WHILE some headlines declared the beginning of the end of Western dominance of the World University Rankings with Asia’s high-flyers challenging for supremacy, the latest league table from Times Higher Education actually showed the Yanks and the Brits taking all Top Ten spots.
Oxford moved from fourth to share second spot with Stanford, while the California Institute of Technology, pictured above, held on to first place.
Looking more Orange
But slightly lower down the Times Higher’s Rankings, things were starting to look a little more orange – with the Netherlands having 12 institutions in the world top 200 – the most representatives of any country other than the UK and US. And this year every single Dutch university improved its position.
Germany and Belgium also emerged as stronger European performers, but elsewhere a lot of European institutions dropped places as universities in the Asia Pacific region showed that years of investment in staff and better facilities were starting to pay off.
Dutch-based Nuffic admitted that improvements in the data submission from Dutch institutions had contributed to the rises in the country’s performance but argued that should not detract from an outstanding performance for universities in The Netherlands:
Among those celebrating was EUPRIO’s new Dutch President, Denis Ancion, Deputy Director of Marketing and Communications at the University of Maastricht, who said: “I hope colleagues at all our member institutes were not too nervous during the last few weeks and can now start celebrating. Here in Maastricht, we certainly will after a jump of more than 80 positions to 115th place.”
UK under pressure
British higher education commentator David Jobbins, writing in University World News, said: “The United Kingdom still has some of the best universities on the planet, vying for the top slots in the latest Times Higher Education World University Rankings with leading US universities.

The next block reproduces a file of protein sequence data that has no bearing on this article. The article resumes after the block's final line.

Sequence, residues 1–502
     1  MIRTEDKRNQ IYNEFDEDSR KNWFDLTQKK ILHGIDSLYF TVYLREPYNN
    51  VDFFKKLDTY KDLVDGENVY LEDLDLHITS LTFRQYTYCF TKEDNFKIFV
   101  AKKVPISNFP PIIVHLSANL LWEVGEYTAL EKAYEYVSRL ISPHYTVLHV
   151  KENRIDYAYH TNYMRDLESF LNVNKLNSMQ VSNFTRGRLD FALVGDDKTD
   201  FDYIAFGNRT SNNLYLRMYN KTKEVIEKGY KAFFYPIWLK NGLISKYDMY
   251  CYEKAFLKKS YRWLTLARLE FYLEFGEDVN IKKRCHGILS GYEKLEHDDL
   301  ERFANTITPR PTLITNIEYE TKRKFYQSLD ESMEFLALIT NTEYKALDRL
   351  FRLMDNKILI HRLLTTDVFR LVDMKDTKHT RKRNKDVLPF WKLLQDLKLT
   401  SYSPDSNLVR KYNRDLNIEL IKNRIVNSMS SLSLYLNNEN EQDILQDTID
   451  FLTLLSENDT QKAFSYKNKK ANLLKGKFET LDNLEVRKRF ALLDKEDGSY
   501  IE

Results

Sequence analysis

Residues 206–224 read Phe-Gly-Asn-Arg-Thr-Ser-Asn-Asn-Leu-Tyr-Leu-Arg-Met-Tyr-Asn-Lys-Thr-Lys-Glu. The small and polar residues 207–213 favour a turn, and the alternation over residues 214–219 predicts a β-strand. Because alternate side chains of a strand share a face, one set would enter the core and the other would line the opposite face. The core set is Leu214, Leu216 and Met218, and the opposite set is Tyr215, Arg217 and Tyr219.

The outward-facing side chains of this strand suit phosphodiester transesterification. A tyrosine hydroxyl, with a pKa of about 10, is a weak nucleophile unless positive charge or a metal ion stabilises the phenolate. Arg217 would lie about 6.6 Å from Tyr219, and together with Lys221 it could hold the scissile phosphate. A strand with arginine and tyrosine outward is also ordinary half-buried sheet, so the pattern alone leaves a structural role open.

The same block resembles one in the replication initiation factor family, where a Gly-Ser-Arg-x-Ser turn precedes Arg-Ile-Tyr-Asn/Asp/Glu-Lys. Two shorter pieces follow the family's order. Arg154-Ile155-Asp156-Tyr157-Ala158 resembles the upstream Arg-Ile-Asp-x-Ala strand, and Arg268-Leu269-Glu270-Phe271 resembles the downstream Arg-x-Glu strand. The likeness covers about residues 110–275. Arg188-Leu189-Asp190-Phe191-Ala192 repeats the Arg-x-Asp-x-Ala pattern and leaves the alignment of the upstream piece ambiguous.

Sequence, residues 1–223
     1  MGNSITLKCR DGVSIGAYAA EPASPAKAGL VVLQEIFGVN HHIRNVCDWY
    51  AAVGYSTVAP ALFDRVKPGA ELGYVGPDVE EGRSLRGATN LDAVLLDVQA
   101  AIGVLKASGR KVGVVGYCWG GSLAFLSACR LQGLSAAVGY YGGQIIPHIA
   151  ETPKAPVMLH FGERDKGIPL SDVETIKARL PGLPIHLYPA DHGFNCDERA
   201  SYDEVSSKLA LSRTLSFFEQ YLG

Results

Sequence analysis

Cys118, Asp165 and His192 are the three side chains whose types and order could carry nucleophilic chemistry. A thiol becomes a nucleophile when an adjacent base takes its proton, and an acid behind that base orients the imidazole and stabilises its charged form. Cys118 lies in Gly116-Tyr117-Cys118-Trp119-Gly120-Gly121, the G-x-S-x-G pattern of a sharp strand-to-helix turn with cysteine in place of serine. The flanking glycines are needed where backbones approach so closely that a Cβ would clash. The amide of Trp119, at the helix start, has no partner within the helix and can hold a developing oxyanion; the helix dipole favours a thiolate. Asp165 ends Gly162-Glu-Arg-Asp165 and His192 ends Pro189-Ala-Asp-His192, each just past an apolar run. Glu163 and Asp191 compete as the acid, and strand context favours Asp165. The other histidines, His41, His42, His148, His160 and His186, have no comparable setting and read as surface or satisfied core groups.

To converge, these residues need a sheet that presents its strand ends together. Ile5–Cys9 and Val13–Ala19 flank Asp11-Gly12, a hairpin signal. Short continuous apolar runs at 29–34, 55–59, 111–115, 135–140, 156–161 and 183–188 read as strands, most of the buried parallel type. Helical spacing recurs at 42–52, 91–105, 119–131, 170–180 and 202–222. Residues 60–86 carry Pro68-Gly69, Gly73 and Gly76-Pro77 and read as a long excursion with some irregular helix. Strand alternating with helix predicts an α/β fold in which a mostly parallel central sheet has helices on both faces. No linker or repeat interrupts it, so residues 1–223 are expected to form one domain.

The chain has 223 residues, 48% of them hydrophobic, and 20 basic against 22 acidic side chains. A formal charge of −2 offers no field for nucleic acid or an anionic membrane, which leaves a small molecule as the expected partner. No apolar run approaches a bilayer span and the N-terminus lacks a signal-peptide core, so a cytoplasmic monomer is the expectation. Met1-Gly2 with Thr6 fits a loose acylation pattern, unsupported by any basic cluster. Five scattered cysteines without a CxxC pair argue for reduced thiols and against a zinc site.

“But their relative strength lower down the rankings is under pressure and they face a collapse in their global position within a generation, the rankings’ compilers warn.”
Jobbins said that Phil Baty, editor of the rankings, had suggested “Outside the golden triangle of London, Oxford and Cambridge, England’s world-class universities face a collapse into global mediocrity…
“Given the seriousness of the funding cuts facing England and the strength of the competition, the tripled student tuition fees introduced this year (by the UK Conservative-Liberal Democrat Coalition Government) look increasingly like a sticking plaster for an amputation.”
Jobbins also pointed out that while the Dutch had reason to celebrate, their leading university, Leiden, only came in at 64th, and the best non-UK-or-US ranked university was Switzerland’s ETH Zürich in 12th place. See his analysis here: http://www.universityworldnews.com/article.php?story=20121002201403888
Strong Asian show
Asia’s number one university is the University of Tokyo (27) with Peking University up from 49 to 46 and Tsinghua University moving up 19 places from 71 to 52.
The National University of Singapore moved from 40 to 29 and the country’s Nanyang Technological University rocketed from joint 169 to 86. All of the Republic of Korea’s representatives climbed the tables.
* See who was placed where in the Times Higher Education’s Top 400 for 2012/13:
And finally, Andrew Marszal, in The Telegraph, asked why different world rankings differ so much? Read his thought-provoking analysis: